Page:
This is the longest stretch of time in my marriage that I have not been pregnant or nursing. I can leave the boys with a friend for hours, and they can eat whatever is offered to them. (Ben will eat it even if you don't offer.) Often, these little guys are spoiling me rotten and letting me sleep in later than I have in three and a half years. It's heavenly.
I get to play my new piano after they go to bed, blog and read my favorite bloggers, pore over all the books that I have been longing to read, and actually talk to my husband rather than just seeing him as I throw the baby at him so I can go to sleep. I get to start projects... and finish them. My house is clean. Seriously. I don't think it's been this clean in, oh, let's say, eighteen months.
Today I loaded both kids in the car, and in two hours we had returned the library books and done all the grocery shopping for two weeks. When I got home, I had helpers unpacking the groceries and helping me put them away; and I actually thought to myself, "Hey, look at me. I can do this mom thing all by myself."
This was the point where I felt God pricking my heart and saying, "It's too easy."
"What?!?! Easy?" I protest. Mentally, I then listed for God all the monumental obstacles I had overcome to get to this point of mothering. All the nights of screaming children, all the mornings of cleaning up dirty sheets, all the meals where more food was worn than eaten. I made mental note of all the mountains we are still climbing. One son in physical (and soon to be speech) therapy, another with OCD tendencies that make me want to tear my hair out, Teacher Man in the midst of an incredibly challenging school year, a summer of ministry that will take our family's focus soon.
And I sensed the Lord saying, "If you can do it all by yourself, it's too easy. There's something missing."
He right. He always is. It's those trials, those challenges, that bring me closer to Him. It's those days of craving His Word that make our moments together so much sweeter. It's the struggle that makes me reach out to the Body of Christ for strength and encouragement. It's the failures that humble me and remind me that I'm still in such great need of my Savior.
"This is for a season," He reminds me. It's a season of rest right now, interspersed with days that my strong-willed three year old chooses to make nerve-wracking. This is the first summer that Teacher Man's job hasn't been in question, that we haven't been adjusting to a new baby or pregnancy, that there hasn't been a major crisis in our family. I'm not fearing the future, but I know that this too shall pass. Rather than dread the inevitable fact that our life in this fallen world is going to have a good share of mishaps and change, I'm choosing to delight and dwell in this moment.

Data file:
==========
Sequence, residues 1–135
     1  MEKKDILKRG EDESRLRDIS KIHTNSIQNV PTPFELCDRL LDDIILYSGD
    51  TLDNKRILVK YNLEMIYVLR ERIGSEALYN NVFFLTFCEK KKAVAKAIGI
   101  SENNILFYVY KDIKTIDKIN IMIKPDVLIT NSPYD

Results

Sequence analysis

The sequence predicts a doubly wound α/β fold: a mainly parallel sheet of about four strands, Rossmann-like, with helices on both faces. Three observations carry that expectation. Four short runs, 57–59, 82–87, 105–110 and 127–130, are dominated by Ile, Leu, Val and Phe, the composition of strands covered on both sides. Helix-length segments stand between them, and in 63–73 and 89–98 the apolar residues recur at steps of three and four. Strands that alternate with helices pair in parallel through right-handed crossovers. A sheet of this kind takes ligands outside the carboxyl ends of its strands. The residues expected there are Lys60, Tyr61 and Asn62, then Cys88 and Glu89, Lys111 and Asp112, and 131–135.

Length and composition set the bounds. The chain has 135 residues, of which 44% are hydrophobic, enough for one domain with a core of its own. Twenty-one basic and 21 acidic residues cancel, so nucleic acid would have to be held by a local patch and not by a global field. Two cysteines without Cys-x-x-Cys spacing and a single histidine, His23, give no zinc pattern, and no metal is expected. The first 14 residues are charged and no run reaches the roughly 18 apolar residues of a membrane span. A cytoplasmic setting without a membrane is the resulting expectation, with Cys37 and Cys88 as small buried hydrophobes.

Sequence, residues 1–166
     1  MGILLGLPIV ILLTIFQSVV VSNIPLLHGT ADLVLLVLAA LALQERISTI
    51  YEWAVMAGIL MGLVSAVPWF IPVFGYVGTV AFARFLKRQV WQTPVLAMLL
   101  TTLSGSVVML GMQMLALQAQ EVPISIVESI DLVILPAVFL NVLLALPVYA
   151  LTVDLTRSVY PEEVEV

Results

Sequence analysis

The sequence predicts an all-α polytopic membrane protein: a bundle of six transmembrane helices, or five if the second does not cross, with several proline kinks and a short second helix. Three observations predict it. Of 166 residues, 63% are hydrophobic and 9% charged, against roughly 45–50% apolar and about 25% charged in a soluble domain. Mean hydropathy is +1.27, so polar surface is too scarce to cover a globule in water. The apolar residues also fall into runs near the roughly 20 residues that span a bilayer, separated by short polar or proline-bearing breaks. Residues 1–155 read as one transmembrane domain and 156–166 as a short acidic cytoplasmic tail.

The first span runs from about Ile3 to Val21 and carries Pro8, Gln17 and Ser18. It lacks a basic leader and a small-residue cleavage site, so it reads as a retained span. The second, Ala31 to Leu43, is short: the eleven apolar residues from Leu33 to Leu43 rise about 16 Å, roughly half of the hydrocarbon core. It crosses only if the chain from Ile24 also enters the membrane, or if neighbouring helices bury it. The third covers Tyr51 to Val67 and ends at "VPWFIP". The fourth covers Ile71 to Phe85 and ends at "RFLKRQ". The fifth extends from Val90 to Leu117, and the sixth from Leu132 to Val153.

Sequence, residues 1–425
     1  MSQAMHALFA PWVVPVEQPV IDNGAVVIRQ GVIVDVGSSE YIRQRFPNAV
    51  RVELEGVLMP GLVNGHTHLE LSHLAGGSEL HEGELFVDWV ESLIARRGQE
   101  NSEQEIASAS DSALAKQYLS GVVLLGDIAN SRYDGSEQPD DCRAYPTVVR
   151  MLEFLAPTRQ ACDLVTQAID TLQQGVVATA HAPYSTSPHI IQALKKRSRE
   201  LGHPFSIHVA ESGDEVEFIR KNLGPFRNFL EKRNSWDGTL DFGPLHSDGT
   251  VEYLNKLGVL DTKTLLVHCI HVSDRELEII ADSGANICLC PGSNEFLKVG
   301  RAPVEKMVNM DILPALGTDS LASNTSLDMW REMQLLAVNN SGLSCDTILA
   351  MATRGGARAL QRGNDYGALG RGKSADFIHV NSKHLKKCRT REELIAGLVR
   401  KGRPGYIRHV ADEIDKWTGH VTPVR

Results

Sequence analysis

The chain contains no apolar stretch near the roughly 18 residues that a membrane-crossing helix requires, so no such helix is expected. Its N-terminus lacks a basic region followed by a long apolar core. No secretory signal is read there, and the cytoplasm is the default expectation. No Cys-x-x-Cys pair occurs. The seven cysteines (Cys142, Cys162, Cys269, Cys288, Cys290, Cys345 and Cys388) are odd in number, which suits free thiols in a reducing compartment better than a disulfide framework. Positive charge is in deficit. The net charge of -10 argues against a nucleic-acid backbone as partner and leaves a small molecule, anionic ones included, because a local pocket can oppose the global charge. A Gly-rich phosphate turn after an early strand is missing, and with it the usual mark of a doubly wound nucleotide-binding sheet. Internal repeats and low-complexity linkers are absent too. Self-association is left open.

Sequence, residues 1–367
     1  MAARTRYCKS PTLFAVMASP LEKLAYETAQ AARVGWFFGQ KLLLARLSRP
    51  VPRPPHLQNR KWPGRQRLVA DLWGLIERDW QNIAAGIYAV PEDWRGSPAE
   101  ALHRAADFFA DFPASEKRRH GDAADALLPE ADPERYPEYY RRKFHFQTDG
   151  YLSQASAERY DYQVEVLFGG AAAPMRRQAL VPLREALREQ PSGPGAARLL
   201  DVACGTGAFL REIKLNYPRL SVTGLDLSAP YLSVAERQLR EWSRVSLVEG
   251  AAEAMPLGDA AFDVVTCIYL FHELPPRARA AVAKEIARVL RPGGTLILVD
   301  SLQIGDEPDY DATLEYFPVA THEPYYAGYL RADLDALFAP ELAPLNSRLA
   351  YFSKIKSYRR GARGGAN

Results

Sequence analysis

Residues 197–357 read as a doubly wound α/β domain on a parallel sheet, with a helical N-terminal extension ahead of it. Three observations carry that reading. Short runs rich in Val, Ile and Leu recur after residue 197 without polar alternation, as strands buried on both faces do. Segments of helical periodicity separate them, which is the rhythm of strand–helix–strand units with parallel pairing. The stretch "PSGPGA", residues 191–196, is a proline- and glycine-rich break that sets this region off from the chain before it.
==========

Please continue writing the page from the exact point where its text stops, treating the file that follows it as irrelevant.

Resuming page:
I'm working on finishing the apron I started because goodness knows I need something to keep the flying food away from my church clothes. I'm playing the piano often with my children. Whether it's Chopin or "The Alphabet Song," we are having a blast just savoring the sounds of the moment. I'm reading about grace, about learning, about art, about organizing, about loving well. I'm feeding my mind now so I can remember these lessons when there is no time to sit with a book. I'm playing endless games of Memory and Go Fish with my three year old because I can tell how loved he feels when we spend time just us. I'm reading countless books to my little toddler who hauls giant volumes across the room, throws them on my lap, and demands, "Book. Up." before plopping his little bottom in my lap. I'm savoring the friendships and family relationships that I have right now because this is the day that I've been given. I will rejoice and be glad in it. I'm resting because I know that this is just a season. A deep breath before another long climb, and I'm okay with that.
Someone told me last week that no where in Scripture does it say that God only gives us what we can handle. We are not tempted beyond what we are able, but we are given tasks that are far beyond our strength and wisdom to remind us that we are finite, in need of an infinite God to work in and through us so the glory will go to Him... and only to Him.
So tonight, I'm grateful for the deep breath before the next climb. Grateful that the dishes are done. Grateful for the men in my life. And oh so grateful that my God is not going to let me rest here forever. He's going to mold me, heal me, change me for His glory. There will be mountains ahead, but I rest knowing I won't be climbing alone.